While not strictly related to CRUSADER, this information is nevertheless of interest and relevance. This post was born from this discussion thread on the Axis History Forum.
Below the initial transports of Army units covering 5.lei.Division (later to become 21st Panzer) and I./Flak 18, as well as some smaller units I guess. Where available the size of the ship is given when it is first mentioned (thanks to Mescal on AHF for this), and any damage due to enemy action is also mentioned. Luftwaffe transports are not included in this. The organisational unit of were small convoys, termed ‘Staffel’ in German. Attached to these were supply ships which carried purely supply apparently, rather than new units.
1st Staffel 8 Feb 41 (back in Naples 18 Feb, so 10-day roundtrip):
Ankara (4,768 GRT)
Arcturus (2,596 GRT)
Alicante (2,140 GRT)
2nd Staffel 12 Feb 41
Kybfels (7,764 GRT)
Adana (4,205 GRT)
Aegina (2,447 GRT)
Ruhr (5,954 GRT)
3rd Staffel 17 Feb 41
Menes (5,609 GRT – torpedoed and damaged on return journey by HM/Sub Regent, who herself was damaged in the counter attack)
Arta (2,452 GRT)
Maritza (2,910 GRT)
Herakleia (1,927 GRT)
4th Staffel 23 Feb 41:
Marburg (7,564 GRT)
Reichenfels (7,744 GRT)
5th Staffel 25 Feb 41:
Leverkusen (7,368 GRT)
Wachtfels (8,467 GRT)
Alicante (2,140 GRT)
6th Staffel 1 Mar 41:
Castellon (2,086 GRT)
Amsterdam (8,673 GRT – Italian vessel, not sure whether she carried German load)
Sabaudia (1,590 – Italian(?) attached as supply ship)
8th. Staffel 5 Mar 41
9th Staffel 7 Mar 41:
10th Staffel 12 Mar 41
Leverkusen (this was after the famous fire which caused the loss of 13 tanks, according to WD CO Naval Transport)
11th Staffel 14 Mar 41
Galilea (8,040 GRT)
Arta (supply ship)
12th Staffel 16/17 Mar 41
Marburg (16 March from Naples)
Ankara (17 Mar from Palermo, re-directed to pick up 150 urgently needed vehicles)
13th Staffel 19 Mar 41
Santa Fe (4,627 GRT?)
Procida (1,842 GRT)
14th Staffel 22 Mar 41:
15th Staffel 26 Mar 41:
Herakleia (sunk by submarine HM/Sub Utmost off Tunisian coast, 69 out of 206 soldiers on board lost)
Ruhr (damaged by submarine HMS Utmost off Tunisian coast)
Galilea (damaged by submarine HM/Sub Upright on return journey, beached in Tripoli a few days later)
Samos (2,576 GRT – supply ship)
Also 26 Mar 41, tanker Persiano (2,474 GRT) with fuel for the army from Naples.
16th Staffel – 29/30 Mar 41
Marburg (29 March from Naples)
Ankara (30 Mar from Palermo)
17th Staffel – 2 Apr 41
18th Staffel – 8 Apr 41 (last troops of the original contingent)
19th Staffel – 11 Apr 41 (last load of original units, possibly first load of 15th Panzer)
Various Runs – 10 Apr 41
Persiano (tanker – attacked 40nm north of Tripoli by HM/Sub Tetrach, set on fire and sunk)
1st Supply Runs to Benghazi:
Samos from Tripoli
Ramb III (3,667 GRT, Italian vessel) from Naples, effective loading capacity only 1,100 tons due to ballast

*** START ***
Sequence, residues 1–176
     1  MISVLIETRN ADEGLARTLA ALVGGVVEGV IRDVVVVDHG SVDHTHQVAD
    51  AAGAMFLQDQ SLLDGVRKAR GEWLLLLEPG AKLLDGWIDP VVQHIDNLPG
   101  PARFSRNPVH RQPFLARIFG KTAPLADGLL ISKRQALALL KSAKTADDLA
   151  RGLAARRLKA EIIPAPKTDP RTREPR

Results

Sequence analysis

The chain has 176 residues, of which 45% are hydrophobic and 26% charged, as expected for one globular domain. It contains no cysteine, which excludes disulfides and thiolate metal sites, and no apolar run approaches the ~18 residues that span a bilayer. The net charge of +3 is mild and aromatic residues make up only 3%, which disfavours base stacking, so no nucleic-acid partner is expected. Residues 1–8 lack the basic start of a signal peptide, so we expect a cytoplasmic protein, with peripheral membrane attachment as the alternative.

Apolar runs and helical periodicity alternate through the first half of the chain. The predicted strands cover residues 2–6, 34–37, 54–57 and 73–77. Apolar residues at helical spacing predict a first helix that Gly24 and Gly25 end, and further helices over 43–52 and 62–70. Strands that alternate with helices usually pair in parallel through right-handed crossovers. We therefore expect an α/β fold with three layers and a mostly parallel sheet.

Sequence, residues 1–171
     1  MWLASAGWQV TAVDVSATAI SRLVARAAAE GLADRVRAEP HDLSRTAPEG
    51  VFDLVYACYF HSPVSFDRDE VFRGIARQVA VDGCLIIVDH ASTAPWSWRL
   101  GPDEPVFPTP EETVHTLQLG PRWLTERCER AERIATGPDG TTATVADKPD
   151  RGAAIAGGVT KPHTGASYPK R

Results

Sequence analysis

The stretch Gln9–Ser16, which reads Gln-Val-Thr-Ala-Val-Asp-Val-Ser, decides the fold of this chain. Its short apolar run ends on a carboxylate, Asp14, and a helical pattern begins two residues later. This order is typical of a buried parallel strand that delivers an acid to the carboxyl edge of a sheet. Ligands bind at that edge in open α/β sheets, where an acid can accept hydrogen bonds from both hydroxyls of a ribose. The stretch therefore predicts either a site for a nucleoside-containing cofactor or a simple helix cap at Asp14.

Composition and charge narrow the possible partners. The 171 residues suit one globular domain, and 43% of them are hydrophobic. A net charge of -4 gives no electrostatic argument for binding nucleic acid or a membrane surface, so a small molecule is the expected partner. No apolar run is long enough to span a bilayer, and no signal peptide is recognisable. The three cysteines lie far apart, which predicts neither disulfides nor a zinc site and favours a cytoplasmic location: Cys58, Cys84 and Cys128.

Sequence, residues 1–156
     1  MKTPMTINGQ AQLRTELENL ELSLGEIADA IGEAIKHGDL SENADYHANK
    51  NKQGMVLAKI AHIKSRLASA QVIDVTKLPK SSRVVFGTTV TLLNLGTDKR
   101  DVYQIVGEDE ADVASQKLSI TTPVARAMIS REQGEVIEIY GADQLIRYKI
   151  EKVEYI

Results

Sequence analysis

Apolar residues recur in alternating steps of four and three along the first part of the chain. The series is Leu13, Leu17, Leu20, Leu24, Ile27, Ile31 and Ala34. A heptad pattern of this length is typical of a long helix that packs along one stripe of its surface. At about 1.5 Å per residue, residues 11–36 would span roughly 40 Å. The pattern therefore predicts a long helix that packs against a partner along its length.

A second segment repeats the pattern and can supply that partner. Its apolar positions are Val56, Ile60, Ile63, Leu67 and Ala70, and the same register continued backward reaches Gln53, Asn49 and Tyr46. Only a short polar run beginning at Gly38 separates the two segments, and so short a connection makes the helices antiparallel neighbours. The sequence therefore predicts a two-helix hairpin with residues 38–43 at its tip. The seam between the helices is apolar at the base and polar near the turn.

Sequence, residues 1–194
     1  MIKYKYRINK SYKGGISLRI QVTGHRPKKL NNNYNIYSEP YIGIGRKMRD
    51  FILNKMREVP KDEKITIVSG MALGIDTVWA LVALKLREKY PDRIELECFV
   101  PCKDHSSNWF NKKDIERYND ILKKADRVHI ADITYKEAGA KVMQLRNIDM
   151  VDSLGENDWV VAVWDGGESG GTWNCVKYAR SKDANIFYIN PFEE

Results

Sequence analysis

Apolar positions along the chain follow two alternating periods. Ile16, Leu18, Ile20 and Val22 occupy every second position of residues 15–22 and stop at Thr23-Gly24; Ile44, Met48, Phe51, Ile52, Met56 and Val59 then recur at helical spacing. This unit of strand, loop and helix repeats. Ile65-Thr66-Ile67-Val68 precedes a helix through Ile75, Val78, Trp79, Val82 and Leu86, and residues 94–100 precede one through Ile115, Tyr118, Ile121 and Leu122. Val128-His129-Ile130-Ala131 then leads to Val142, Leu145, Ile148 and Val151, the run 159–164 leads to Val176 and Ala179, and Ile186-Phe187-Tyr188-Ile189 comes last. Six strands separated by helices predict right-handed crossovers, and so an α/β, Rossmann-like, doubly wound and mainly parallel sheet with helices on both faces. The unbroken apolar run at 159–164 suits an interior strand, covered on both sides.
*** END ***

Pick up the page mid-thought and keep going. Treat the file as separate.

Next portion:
Motor sailing vessels for coastal traffic from Trapani:
The organisation of the transport had to be made with the consideration of several constraints.
1) Harbour capacity in Tripoli was restricted by a policy of not unloading at night, to reduce the risk of enemy air attacks disrupting unloading and maybe blocking quays by sinking ships alongside. My guess is that at dusk ships were moved off the quays into more open water. This essentially reduced capacity by about 50%, is my guess. See this older post on port capacity.
2) Ships were of different sizes and speeds, so slow and fast convoys were organised, and optimisation of unloading was an issue, since ideally convoys were supposed to return together.
3) Italian reinforcement convoys continued at the same time as the German transports, and convoys were timed to reduce the number of ships in Tripoli harbour at any given time. This also indicates the very heavy call on Italian escort vessels, which would have been in service non-stop.
4) There was a conflict between the Kriegsmarine and the army (Rommel/Halder, who for a change saw eye to eye on something) about the loading of ships. The navy wanted to send troops and vehicles separately, to presumably reduce risk to losing troops if a slower supply vessel was sunk, while the army wanted them to be sent together, in order to have the units immediately ready for action once they hit the quayside in Tripoli. Following a number of ship losses the navy method was adopted.
5) There was no capacity at first at the receiving end to handle navy matters, and everything had to be run from Italy. This included coastal convoys in North Africa.
6) Not all ships were available immediately, and arrived in drips and drops throughout the period. Furthermore, not all ships were protected against magnetic mines from the outset.
7) The Luftwaffe had to be given space on the ships as well, but it wasn’t fully integrated into the transport system, and there appears to sometimes have been a lack of clarity on when supplies would arrive.
8) AA armament on the ships had to be organised, and when the Luftwaffe refused to provide it, it had to be borrowed from the Italians. This left vessels relatively weakly equipped for AA defense, and they had to rely on the escorts. Navy AA detachments (Marinebordflakkompanie Sued)only arrived during the period. See this older post for AA equipment about half a year later.
Source for all this: War Diary Naval Transport Command South for 1941, while the identity of the attacking subs is based on Royal Navy Day by Day. Many thanks to Dirk for sending this war diary through!